Museum Etiquette: A Friendly Guide To Being A Responsible Museum-goer
With the growing number of museums throughout the country, there has been a growing market for gallery and museum-goers. The National Museum of Natural History that opened on International Museum Day 2018, for instance, received almost 4,000 people on that same day. The inside of the museum was immaculate upon opening, and people adored every pieces on exhibit. But not very long enough, the museum-goers started crowding in and lingering for too long on some pieces, and there have been litter in some areas—imagine the horror.
Surely, the museum staff asked the visitors to observe a little something called “museum etiquette.” But ICYMI and didn’t hear them, we’re giving you this friendly guide to being a responsible museum-goer.
1 | Dress Accordingly
So far, there has been no strict dress codes in our museums, but as a sign of respect to the institution and the people you will be sharing the space with, you must keep yourself presentable. Also, wear clothes and footwear that are comfortable and keep you cool or warm enough. Some museums tend to be too cold or gets warm after a lot of walking, so dressing accordingly will help you enjoy your museum visit.
2 | Keep Your Bags Small Or At The Front Desk
Bags are allowed inside museums, but only if they’re smaller than a camera bag. If you’re bringing anything bigger, you may leave your bags at the front desk or the baggage counter. Make sure you bring your wallet, phone, and other valuables with you in your pockets. Leave your food and drinks as well, best to eat after museum-hopping.
3 | Don’t Take Pictures Or Videos
While there are museums or parts of museums that don’t allow either photography or videography, there are others that do. This varies depending on the protocol or guidelines of the museum you visit, though. One reason that taking photos or videos aren’t allowed is copyright infringement. But if they do allow you to take pictures, never use flash because it is harmful to the art pieces and other artifacts. Notice how some galleries are purposely dimmed because light tends to be harsh on the pieces on display.
4 | Stay Outside The Ropes Or Lines
Ropes and lines are drawn around the exhibits for a reason. The value of the pieces cost more than you could ever imagine, so be mindful of the distance between you and the artworks or artifacts you’re ogling at. Besides, if you’re too close to the display, it’s highly likely that you’re blocking everyone else’s view of it. Respect other people who also wants to view the exhibit. Do not enter prohibited areas as well, whether the doors are opened or closed, unless it’s stated otherwise.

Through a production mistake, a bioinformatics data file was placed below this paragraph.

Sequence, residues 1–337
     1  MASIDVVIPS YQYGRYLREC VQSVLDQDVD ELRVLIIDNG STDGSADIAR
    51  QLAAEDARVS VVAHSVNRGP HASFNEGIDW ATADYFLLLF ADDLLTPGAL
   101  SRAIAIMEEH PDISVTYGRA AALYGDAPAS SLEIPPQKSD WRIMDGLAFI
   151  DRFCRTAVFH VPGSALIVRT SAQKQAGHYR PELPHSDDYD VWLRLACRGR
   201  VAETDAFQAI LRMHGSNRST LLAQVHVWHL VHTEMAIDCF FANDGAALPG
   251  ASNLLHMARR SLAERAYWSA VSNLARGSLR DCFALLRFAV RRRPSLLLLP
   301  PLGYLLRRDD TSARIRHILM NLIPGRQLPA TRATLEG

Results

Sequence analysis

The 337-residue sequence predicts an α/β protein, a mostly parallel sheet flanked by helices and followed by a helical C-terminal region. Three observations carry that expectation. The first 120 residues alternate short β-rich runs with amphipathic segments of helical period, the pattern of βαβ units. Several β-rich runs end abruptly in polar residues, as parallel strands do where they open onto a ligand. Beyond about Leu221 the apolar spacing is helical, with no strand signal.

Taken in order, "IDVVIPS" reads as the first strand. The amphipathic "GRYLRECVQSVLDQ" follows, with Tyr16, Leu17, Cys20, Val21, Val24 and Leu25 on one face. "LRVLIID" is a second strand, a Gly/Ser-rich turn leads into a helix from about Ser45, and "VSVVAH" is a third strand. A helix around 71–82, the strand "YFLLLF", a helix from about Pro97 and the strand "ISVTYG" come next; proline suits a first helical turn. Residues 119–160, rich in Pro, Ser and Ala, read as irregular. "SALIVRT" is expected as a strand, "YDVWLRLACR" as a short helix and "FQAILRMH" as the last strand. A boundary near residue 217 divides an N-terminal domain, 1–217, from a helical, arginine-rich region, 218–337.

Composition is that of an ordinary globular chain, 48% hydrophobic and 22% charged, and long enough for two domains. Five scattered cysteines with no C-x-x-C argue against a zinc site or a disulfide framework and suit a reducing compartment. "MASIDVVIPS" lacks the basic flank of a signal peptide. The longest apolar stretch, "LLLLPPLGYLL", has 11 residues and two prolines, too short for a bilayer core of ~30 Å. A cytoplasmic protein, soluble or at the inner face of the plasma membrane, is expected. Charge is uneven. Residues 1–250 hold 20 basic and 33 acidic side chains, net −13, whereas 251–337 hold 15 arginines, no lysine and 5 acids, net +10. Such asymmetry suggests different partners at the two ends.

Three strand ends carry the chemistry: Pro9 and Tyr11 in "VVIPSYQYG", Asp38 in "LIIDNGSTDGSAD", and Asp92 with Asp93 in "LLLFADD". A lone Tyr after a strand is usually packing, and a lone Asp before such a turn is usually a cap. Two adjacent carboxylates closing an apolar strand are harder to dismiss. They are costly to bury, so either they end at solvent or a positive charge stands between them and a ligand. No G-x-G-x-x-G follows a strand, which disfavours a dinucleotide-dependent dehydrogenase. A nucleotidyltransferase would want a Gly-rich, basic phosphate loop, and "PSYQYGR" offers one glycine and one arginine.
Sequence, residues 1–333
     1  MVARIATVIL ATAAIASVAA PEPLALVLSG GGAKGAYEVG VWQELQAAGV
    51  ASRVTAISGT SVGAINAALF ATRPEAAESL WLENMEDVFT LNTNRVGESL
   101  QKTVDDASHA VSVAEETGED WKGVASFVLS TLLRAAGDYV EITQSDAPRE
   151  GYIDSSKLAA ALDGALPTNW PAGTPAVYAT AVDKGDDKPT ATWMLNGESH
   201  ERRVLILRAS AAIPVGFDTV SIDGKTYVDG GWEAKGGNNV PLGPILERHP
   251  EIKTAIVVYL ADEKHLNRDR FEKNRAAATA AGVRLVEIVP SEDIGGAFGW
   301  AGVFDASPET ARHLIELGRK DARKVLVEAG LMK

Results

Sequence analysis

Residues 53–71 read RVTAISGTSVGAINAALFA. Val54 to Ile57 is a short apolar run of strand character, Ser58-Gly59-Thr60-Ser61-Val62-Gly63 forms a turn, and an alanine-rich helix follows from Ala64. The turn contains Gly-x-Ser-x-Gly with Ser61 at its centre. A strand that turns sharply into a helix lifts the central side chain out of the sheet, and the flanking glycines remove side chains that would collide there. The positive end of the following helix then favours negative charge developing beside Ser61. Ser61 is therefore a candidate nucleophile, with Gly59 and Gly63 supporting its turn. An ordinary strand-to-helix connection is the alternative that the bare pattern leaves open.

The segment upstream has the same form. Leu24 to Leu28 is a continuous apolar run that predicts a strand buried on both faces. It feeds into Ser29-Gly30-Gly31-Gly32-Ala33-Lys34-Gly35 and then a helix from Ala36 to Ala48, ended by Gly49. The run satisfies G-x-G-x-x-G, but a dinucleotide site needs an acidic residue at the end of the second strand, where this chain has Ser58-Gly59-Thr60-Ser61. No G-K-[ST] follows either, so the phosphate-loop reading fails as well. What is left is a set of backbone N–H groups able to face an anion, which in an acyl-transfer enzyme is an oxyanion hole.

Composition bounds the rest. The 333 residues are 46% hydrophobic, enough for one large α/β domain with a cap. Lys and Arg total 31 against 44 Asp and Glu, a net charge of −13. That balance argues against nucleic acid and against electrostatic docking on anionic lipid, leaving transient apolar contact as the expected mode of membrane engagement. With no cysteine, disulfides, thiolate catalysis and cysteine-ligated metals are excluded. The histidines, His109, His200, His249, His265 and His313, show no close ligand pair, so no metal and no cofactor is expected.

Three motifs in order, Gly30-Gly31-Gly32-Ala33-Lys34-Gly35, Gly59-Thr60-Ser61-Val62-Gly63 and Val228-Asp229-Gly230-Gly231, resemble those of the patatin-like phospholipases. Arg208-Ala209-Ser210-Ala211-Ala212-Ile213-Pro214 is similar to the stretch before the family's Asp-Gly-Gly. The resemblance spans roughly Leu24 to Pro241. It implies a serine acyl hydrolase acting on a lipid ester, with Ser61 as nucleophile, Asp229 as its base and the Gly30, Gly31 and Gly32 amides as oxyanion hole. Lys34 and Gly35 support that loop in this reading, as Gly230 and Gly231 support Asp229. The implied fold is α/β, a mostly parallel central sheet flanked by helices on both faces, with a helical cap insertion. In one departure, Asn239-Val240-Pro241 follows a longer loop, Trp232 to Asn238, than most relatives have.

5 | You Can Look But You Can’t Touch
Unless you’re visiting an interactive museum or the exhibit requires it, touching the displays is a mortal sin. We’ve seen several instances that people touch the displays because they think one light touch won’t cause any harm. But think about this: If every single visitor gave one light touch to one art piece during the opening of the National Museum of Natural History, that’s almost 4,000 fingerprints on a fine art piece! If the artwork is to be displayed there for 10 years, imagine what it would look like by then!
6 | You Can Neither Run Nor Stay Put
Museums might be spacious and there’s plenty of room to run around, but running or simply playing around is strictly prohibited. It’s not because the administrators are such kill-joys; they’re just protecting the displays. But, you can’t stay put for too long either. Lingering in one area limits your museum experience, and others’ as well. Explore the other galleries first then go back to your favorite piece. This way, you’ll be able to discover more pieces that you might like. This also applies to taking portraits with the exhibits—don’t take too much time taking them. You’re not in a photo shoot for your next profile picture.
7 | Wacky Is A No-no
You read it right, wacky poses are forbidden, especially in big museums, like the National Museum. This is to pay respect to the artists, the subjects of the artists, as well as the story behind them. Common sense, right?
8 | Keep your voice low
Conversations in the galleries are allowed and actually encouraged, especially when you’re discussing about the works or artifacts on display. Just remember that you’re not the only ones who are visiting the museum, don’t be too loud as to disturb the other viewers. Taking phone calls inside the museum is also a no-no, and so is voicing out loud your distaste or negative opinions (better to keep it to yourself or talk about it when you get home).
9 | Bring And Take Nothing… But Positivity and Your Things
Bring in positive vibes, not litter or personal issues. You won’t truly enjoy your visit to the museum if you don’t have a positive outlook, you’ll only see the “ugly,” or worse, make your fellow museum-goers feel bad. Leave no litter as well to preserve the cleanliness of the spaces. Leave with nothing else but your things and good memories—no stolen piece of artifact, please!
10 | Go On Social Media Later
Museums and galleries appreciate your sharing on social media; that’s free advertising for them. But, doing it while you’re in front of the artwork is disrespectful of other viewers. If you want to share your favorite piece of artifact on social, do it when you’re sitting at the designated seating area or away from the piece. You wouldn’t want to block everyone’s view while you think of a catchy caption for your photo, would you?